One young fox pads across the village road, unnerved by a squabble of magpies. Heat is thickening. Flowers reach unbearable brightness. Dark fleas show on Dog's white fur. Back at the house six excessively purchased bags of cheap salt sit on the kitchen worktop. It is hot work to salt the carpets. It takes one bag of salt to cover all of them. The other five sit, over prepared, lined up, a show of strength. A couple of hours wait is recommended, while the fine mineral dehydrates insect eggs. Fleas are poor swimmers, too, they thrive in the moderate zone: not immersion, not desiccation. It makes the river obvious.
Dog hobbles (infected paw: she is having an unlucky week) over the dry grass. The crop field is unstirred. All the wheat stands as though it would crumble to dust: we dare not touch it. But the water is close: cold, clear, edged in light that flows up, that plays over the broad tree trunks, over the tumbling weeds. Wading in happens fast. Heat calms, damsel flies spark blue, little birds spin so close we could breathe one in if we timed it right. Thoughts that were crammed in open up like leaves of fine tea in a glazed pot.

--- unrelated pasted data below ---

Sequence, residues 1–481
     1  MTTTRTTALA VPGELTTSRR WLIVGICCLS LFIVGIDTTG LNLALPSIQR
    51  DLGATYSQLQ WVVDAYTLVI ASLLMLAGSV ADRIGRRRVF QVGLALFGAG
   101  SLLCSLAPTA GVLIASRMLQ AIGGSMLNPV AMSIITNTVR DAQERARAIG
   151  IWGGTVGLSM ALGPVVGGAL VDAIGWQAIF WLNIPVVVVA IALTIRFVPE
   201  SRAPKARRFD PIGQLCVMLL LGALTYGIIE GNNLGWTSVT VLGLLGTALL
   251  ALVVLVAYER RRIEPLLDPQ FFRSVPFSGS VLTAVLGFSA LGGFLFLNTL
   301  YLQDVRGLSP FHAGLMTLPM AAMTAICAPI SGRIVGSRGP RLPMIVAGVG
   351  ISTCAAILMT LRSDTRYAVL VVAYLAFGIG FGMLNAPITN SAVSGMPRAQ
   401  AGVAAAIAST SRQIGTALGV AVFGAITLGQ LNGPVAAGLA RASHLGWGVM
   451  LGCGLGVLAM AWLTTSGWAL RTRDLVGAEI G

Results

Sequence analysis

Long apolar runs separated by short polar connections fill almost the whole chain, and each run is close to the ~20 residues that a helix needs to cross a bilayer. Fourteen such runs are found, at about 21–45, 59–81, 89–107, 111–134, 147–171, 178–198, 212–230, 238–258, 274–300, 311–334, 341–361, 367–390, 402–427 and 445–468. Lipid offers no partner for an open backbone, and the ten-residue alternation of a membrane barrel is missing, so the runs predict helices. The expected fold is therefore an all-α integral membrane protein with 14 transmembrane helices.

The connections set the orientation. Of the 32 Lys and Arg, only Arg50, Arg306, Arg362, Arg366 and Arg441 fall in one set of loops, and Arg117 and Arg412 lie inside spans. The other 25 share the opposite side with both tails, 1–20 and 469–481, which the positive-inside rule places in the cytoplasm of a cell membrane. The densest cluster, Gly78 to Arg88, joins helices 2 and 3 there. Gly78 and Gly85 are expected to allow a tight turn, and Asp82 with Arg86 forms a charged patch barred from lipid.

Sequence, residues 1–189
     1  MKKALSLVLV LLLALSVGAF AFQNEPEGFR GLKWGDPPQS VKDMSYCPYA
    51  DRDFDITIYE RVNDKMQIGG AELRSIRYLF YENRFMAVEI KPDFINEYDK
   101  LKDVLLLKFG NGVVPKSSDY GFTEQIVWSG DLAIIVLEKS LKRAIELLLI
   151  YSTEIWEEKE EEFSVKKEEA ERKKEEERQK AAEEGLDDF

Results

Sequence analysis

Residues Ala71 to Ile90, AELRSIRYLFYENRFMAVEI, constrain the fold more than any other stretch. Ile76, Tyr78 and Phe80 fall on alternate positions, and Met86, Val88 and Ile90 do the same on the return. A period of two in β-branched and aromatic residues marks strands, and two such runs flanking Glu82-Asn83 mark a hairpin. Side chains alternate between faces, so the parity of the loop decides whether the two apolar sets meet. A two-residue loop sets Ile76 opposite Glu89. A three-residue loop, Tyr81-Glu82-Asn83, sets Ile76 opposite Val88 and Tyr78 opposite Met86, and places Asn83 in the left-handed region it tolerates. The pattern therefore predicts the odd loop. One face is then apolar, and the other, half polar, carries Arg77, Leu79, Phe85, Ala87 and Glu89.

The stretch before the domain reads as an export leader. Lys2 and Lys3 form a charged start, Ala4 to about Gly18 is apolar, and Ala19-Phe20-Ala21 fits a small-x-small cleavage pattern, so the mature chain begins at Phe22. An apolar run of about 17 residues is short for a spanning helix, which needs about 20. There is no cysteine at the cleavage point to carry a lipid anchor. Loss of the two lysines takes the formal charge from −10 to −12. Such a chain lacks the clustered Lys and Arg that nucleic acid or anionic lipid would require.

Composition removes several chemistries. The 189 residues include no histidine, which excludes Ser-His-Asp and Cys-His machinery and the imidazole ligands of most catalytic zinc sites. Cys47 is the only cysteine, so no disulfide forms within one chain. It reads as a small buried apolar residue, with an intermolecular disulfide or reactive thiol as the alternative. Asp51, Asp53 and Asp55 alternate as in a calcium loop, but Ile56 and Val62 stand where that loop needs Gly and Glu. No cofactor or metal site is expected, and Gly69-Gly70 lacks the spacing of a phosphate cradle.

Tired still from a weekend of Junior Camp hilarity, triumph, mud and eggy bread. Campfire tales were gobbled up: the illustrations need some finish, but it would be simple enough to make an ebook of them. Next year perhaps a tale about the motives of parents who ply their children with terrible sweets…
Boy is far away, being tested: three days of interview and tests to see if he can follow his dream. Yesterday a text to say he had thrown up whilst on a run: the heat, too much food, not enough water. A mother worries, of course! He has a solid back up plan. But he could do it, we know he could.
Next week we will all be running. A week of camping and training and hoping that the housesitters don't forget to water the plants. Or feed our limpy Dog. Or get bit by fleas. We should ring the vet.
Fleas, be fish food!
Float, thought-free, eyes skyward.
Later, when the house is unsalted by borrowed vacuum, when Dog is lavender bathed and oddly lively, when the river wet clothes blow dry on the line: the phone rings. It's Boy.
'I passed,' he says.
His mother is looking out of the window. The air seems watery, lit up.